The splendid news is that BBC Radio 4 will be broadcasting an adaptation of James Joyce’s Ulysses on Bloomsday, June 16. All five-and-a-half glorious hours of it, broken up into seven, easily digestible chunks. I’m sure it will be as tasty as Leopold Bloom’s breakfast, which makes me drool every time I read it.
Mr Leopold Bloom ate with relish the inner organs of beasts and fowls. He liked thick giblet soup, nutty gizzards, a stuffed roast heart, liverslices fried with crustcrumbs, fried hencods’ roes. Most of all he liked grilled mutton kidneys which gave to his palate a fine tang of faintly scented urine.
June 16, 1904, is the day in this fictional alternate reality when Mr Bloom, an everyday hero, sets out on business and returns, after many trials and tribulations, to his beloved Molly.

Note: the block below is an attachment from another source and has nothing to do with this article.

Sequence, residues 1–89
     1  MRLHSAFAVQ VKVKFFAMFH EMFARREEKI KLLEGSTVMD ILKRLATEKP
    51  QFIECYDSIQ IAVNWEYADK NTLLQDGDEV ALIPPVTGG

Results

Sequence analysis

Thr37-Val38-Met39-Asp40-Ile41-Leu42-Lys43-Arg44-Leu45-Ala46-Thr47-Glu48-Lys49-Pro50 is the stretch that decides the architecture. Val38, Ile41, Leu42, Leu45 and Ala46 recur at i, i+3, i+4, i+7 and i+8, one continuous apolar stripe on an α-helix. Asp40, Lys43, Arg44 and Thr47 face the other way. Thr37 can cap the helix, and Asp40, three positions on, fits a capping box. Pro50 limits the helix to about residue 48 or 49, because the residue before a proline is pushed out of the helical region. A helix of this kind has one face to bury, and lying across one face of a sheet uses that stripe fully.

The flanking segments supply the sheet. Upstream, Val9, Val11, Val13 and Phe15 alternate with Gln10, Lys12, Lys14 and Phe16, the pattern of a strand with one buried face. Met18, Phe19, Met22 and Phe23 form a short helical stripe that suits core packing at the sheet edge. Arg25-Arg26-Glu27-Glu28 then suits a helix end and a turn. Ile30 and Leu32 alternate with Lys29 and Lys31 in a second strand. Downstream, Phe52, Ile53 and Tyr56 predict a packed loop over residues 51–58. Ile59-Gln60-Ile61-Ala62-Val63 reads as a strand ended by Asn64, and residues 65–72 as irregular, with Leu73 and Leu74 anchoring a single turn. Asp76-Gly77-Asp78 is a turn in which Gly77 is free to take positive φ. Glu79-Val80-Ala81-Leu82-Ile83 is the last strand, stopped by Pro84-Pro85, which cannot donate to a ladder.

For those who think the novel difficult, really, it isn’t. The fearsome reputation, like rumours of a fire-breathing dragon, sends prospective readers fleeing. But help is at hand. If you want to get the gist in 18 animated cartoons, without having to read the book, here is Ulysses for Dummies. For the more committed there is the extended comic version – quite a serious undertaking, though less time-consuming than the novel. There is also a 1967 film, the component parts of which can be found here.
A short review of the book by Stephen Fry.
But you should read the book for the full experience.